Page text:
Small dog character coming to life - Early stages

St Bernard dog character coming to life - Early stages

Doing it this way is not for everybody, but it fits my sometimes chaotic, creative state and gets the job done in spite of it! I'm really looking forward to getting to know these new "friends"!!

Wednesday, April 12, 2017

Hand Lettering Process Post by Diana Ting Delosh

A BEAST IN THE WOODS © Diana Ting Delosh.
Page 5 - Title page. A sneak peek from my Picture Book Dummy.
Hand lettering: Ink, old wide brush on watercolor paper. Bold, san serif, untamed, caps. Colored by bringing into PS making the black ink lettering clear and placing over a watercolor swatch of purple ink.
 

My process for hand lettering begins with questions. Does the words/phrase evoke an image, a mood? Sure you can hand letter anything but some words or phrases beg for special treatment. Take the word  BUNNY, what comes to mind? Sweet. Cute. How about BEAST? Something rough, primal, maybe even old monster movie-ish. The word Flourish: a verb or a noun, very organic, something herbaceous.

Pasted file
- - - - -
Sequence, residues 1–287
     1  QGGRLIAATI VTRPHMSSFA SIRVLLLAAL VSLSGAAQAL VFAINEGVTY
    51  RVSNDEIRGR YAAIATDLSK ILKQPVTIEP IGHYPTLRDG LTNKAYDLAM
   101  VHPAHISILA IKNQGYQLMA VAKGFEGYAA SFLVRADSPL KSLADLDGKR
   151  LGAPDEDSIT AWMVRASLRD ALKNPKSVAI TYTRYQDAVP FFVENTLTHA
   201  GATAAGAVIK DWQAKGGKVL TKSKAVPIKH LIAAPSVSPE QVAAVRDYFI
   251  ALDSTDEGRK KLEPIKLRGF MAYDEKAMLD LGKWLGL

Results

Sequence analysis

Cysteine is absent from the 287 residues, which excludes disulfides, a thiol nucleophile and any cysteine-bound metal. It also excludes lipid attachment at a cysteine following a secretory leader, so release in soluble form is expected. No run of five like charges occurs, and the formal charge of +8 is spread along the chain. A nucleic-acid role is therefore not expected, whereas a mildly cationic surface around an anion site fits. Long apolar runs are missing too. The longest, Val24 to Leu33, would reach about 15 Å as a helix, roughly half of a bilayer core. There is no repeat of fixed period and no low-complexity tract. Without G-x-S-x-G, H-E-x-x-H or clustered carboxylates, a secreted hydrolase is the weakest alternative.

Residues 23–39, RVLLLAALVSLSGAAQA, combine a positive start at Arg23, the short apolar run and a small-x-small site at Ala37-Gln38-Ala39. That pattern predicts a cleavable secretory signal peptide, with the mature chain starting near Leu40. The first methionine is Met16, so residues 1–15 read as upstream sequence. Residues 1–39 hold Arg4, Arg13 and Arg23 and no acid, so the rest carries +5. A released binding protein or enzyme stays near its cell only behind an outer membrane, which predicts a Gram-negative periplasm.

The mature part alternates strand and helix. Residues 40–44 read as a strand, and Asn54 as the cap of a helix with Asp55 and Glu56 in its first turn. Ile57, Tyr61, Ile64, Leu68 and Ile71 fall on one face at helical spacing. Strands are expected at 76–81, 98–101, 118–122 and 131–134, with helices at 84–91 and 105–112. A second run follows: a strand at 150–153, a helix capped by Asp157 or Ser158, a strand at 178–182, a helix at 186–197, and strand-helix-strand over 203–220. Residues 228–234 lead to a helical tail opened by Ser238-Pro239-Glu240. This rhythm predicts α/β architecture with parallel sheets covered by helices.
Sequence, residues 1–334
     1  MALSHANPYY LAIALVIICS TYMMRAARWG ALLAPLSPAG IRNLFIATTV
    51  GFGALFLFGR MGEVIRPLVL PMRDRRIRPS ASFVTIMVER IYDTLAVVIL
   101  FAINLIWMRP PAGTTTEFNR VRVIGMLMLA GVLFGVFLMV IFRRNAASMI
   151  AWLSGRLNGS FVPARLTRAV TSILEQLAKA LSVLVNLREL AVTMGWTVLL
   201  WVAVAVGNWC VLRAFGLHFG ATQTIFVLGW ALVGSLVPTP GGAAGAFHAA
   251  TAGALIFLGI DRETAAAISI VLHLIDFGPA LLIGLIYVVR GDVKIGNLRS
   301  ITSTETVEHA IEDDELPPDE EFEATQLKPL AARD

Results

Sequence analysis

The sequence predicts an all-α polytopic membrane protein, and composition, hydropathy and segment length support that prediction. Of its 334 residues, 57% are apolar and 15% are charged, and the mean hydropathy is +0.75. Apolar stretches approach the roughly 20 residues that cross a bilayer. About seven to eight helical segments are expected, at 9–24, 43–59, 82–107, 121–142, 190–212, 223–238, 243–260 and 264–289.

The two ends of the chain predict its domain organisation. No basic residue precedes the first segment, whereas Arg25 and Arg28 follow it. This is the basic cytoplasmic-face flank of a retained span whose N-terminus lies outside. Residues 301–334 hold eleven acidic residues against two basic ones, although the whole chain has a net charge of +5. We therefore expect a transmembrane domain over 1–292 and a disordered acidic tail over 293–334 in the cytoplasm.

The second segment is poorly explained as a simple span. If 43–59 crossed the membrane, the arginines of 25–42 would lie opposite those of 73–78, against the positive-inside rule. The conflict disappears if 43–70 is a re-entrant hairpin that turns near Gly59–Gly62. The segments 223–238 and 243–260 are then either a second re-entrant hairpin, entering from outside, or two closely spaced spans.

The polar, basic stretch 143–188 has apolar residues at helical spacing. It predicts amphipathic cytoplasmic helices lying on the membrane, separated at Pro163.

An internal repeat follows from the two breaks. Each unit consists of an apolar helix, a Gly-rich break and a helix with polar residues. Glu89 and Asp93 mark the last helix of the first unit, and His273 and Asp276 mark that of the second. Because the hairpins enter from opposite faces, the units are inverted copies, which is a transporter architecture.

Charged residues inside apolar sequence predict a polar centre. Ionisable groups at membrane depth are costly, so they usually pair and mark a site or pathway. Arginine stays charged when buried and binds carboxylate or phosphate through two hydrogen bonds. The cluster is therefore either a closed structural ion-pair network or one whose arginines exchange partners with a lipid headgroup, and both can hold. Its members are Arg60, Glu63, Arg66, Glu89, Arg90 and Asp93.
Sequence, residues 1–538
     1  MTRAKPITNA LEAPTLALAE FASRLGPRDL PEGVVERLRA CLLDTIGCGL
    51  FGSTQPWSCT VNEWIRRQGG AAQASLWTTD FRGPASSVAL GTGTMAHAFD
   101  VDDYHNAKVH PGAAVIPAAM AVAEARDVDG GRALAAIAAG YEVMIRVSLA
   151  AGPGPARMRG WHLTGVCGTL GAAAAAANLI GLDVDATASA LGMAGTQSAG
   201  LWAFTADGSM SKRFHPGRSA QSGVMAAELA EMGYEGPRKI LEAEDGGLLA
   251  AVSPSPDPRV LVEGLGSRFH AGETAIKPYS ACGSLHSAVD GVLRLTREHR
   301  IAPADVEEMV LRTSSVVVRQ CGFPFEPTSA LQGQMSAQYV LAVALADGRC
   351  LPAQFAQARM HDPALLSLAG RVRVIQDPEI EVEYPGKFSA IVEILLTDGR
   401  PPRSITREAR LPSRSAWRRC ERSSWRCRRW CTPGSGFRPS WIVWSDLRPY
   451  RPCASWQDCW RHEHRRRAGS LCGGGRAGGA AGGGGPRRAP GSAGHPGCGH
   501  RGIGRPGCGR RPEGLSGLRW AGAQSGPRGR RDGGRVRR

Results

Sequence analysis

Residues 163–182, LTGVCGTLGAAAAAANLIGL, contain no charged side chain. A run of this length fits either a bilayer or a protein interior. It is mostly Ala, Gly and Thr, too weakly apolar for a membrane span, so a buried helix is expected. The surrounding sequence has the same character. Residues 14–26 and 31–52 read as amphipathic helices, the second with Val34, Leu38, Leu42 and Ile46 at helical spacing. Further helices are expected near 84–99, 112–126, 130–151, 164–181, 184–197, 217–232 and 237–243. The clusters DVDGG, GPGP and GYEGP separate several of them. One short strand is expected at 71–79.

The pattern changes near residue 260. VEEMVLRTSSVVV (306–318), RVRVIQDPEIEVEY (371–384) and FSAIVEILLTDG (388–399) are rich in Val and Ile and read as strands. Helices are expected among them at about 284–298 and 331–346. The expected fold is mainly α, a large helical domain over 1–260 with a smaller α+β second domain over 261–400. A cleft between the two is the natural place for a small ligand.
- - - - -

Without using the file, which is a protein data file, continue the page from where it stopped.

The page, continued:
1: FLOURISH Sketch. I want it to feel organic, flow, vines floral, herbaceous - a script
Next I decide what type style. Does it feel like a serif, or san serif?   Caps or upper and lower case?  Is it a script font??? Bold or light? Formal or casual? Is there an attitude? Do the letters themselves suggest images that relate to the meaning? Is there room for decorative flourishes? Sketching & Doodling commence. I like to make the form of the letters follow the meaning of the words or story.